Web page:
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Koori Mail
Our national Aboriginal and Torres Strait Islander newspaper

The Voice of Indigenous Australia

Jamie stands true to his culture and people

IMAGINE if every Australia Day award nominee – Aboriginal and other – said, “I will not accept this nomination until we change the date, until we have proper action to show that Black lives matter in Australia and that Indigenous people have a right to protect their country.”

That is exactly what Jamie Graham-Blair from Nipaluna (Hobart) is imagining after last week declining a nomination for the Young Australian of the Year award. 

It was not an easy decision for the pakana science student and climate activist. 

Latest News Stories

Wangan and Jagalingou traditional owners have blocked a dirt access road leading to Adani’s Carmichael Coal Mine site.

Traditional owners stand their ground

Wednesday, 9 September 2020 12:50 pm

WANGAN and Jagalingou traditional owners are standing their ground after Queensland police swarmed their protest. 

Wangan and Jagalingou traditional owners lit the spirit fire on a dirt access road leading to the proposed Adani Charmichael coal mine site on August 24 to call on their ancestors to help them drive Adani from their lands. 

Wangan and Jagalingou man Coedie McAvoy said traditional owners had called on the Queensland Premier Annastacia Palaszczuk to meet with them and support their cause. 

“But she declined and she sent in 50 police officers, armed with guns, ready to remove us,” Mr McAvoy said. 

“This fight is not over. We will not stop and we will not quit. 

“The world is watching us.” 

Queensland police had promised to arrange a meeting with the Department of Aboriginal and Torres Strait Islander Partnerships, but instead forced Wangan and Jagalingou traditional owners to remove the spirit fire from the road. 

Wangan and Jagalingou man Adrian Burrugubba said negotiations between traditional owners and police have broken down because the police failed to keep their promise. 

“We will take a stand and we will continue to practise our lore and custom in our culture, and we are going to pay respect to our ancestors,” he said. 

The huge police presence comes after Wangan and Jagalingou traditional owners served Indian mining giant Adani with an eviction notice for trespassing on their land, demanding all mining activities cease immediately…

Sasha Purcell (Whaleboat) will take on a Masters of Law at New York University next year.

A burning ambition

Wednesday, 9 September 2020 12:47 pm

TORRES Strait Islander human rights lawyer Sasha Purcell (Whaleboat) has a comprehensive academic background, years of volunteer experience, and an extensive employment history working with numerous government departments.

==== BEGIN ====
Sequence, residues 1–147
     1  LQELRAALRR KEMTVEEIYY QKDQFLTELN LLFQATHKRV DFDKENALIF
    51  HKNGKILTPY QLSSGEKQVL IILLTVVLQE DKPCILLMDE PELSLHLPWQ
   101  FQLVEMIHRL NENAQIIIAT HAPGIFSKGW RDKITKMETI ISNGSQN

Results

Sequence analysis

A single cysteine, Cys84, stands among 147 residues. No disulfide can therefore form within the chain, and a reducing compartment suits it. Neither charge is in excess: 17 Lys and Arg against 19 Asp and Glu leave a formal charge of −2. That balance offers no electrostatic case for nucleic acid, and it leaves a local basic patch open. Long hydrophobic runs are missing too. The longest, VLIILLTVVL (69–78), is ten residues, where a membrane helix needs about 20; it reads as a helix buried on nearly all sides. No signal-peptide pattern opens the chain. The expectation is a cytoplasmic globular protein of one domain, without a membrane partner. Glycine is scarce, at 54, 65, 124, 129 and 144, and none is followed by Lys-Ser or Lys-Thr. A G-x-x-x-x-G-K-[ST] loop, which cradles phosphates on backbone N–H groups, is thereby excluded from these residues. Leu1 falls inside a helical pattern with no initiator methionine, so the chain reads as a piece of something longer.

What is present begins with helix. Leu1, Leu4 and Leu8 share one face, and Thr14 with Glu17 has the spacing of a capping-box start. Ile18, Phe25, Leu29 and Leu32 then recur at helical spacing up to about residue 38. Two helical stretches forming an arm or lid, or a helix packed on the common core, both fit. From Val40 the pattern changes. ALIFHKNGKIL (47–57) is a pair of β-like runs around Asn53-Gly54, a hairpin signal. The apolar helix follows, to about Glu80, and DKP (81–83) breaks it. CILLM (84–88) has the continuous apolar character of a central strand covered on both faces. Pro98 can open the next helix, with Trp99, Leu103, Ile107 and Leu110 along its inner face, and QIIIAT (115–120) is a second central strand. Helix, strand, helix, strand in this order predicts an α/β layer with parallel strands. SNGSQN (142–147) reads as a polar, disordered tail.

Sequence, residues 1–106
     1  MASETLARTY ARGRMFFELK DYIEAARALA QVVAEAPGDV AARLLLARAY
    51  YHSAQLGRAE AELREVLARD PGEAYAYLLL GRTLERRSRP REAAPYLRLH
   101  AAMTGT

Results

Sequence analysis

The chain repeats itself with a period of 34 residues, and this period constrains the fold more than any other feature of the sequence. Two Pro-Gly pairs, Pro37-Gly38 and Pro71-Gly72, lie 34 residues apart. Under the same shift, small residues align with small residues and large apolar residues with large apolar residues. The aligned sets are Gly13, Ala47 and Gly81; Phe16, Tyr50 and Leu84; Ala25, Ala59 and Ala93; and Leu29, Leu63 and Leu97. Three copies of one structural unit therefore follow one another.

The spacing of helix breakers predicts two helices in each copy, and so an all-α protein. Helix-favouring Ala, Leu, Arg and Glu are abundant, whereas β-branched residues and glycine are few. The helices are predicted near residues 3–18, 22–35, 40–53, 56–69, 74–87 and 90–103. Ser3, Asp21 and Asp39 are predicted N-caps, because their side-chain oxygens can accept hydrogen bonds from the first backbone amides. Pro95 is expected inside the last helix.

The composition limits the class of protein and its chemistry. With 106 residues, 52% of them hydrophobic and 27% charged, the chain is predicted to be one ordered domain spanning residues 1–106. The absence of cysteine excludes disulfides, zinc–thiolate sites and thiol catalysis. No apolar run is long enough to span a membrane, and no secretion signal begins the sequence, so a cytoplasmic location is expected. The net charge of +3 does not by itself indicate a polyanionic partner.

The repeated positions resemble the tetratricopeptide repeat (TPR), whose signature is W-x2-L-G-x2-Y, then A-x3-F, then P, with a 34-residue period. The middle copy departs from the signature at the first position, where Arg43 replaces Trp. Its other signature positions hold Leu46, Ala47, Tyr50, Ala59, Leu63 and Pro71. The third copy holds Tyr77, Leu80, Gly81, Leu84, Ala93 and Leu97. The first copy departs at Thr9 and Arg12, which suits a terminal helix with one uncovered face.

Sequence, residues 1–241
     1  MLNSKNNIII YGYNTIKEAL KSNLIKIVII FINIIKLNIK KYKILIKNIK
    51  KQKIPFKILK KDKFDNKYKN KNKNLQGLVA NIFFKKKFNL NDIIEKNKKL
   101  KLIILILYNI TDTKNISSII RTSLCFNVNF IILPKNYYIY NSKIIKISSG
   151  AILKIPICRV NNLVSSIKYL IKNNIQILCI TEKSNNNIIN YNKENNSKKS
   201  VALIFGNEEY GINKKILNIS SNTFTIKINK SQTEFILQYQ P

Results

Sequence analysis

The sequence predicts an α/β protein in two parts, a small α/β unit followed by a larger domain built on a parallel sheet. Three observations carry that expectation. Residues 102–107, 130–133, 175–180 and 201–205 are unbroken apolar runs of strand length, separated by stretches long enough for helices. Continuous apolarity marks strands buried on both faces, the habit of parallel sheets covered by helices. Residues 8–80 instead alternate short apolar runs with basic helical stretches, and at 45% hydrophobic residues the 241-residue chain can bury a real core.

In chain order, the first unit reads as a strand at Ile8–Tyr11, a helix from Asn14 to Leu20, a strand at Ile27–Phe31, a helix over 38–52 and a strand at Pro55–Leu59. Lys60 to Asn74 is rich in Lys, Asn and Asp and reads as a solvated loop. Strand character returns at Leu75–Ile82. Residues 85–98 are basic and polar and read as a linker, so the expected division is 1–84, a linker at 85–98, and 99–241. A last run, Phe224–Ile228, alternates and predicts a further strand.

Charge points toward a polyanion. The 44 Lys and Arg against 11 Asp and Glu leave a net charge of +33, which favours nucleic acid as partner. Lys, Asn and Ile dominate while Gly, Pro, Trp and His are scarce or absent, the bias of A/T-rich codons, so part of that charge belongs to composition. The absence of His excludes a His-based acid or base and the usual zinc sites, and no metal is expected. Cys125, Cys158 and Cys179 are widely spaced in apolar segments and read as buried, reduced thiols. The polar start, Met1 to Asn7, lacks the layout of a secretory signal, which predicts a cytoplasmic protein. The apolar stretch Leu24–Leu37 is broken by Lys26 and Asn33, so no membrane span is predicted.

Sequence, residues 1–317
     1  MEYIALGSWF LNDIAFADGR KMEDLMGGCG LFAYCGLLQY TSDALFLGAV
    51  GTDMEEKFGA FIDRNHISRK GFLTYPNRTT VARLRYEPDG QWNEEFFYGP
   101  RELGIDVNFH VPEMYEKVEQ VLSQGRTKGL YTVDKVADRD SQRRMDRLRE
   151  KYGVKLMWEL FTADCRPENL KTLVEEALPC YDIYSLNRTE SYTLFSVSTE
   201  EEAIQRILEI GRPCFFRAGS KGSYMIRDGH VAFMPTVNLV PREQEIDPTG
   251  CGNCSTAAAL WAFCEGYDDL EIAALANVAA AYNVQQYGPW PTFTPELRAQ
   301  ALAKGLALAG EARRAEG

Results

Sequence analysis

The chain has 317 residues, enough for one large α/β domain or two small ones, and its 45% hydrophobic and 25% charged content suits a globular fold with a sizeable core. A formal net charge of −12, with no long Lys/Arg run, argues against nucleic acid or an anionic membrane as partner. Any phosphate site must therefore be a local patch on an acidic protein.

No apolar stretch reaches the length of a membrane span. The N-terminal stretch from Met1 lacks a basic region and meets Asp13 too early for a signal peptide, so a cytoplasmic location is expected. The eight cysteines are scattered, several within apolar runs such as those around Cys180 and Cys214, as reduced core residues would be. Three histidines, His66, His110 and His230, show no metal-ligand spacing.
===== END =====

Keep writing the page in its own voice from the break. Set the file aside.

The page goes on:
And soon, Ms Purcell will head to the USA to take on a Masters of Law at the prestigious New York University (NYU) after being named as a Fulbright Award recipient for her studies in international legal studies and human rights law. 

Since its establishment in 1946, the Fulbright Program has grown to become the largest educational exchange scholarship program in the world, operating in over 160 countries. 

Ms Purcell is a delegate for the United Nations Association of Australia – Queensland Division and a PhD student with the University of Queensland’s school of law and social science. 

She told the Koori Mail her main career goal is to work as an expert with the United Nations, using her skills and knowledge to contribute to the advancement of Indigenous human rights. 

“As a Torres Strait Islander lawyer I have always ensured that my career and passions were aligned to protecting and promoting Indigenous human rights,” Ms Purcell said. 

“Torres Strait Islanders are a minority within a minority and, as such, we are often
forgotten or invisible in the discussions about Indigenous people in Australia. 

“Since my high school years I have been actively involved in advocating for Indigenous issues…

Kuku Yalanji woman Lalania Tusa has won a Queensland Child Protection Wee award

Keeping kids connected to culture is win for all

Wednesday, 9 September 2020 12:44 pm

TWO Aboriginal women have been recognised with Queensland Child Protection Week awards for their work in keeping children connected to their culture. 

The awards were presented at a ceremony at the Queensland Parliament on September 3, with Child Protection Week September 6-12. 

Tammy Wallace, a Jirrabal woman with cultural ties to the Atherton Tablelands, was recognised for her work addressing the overrepresentation of Indigenous families, children and young people in the child protection system. 

Ms Wallace is based in Brisbane working for Churches of Christ Queensland – the biggest provider of out-of-home care in Queensland – where she has developed a ‘connection to culture scale’.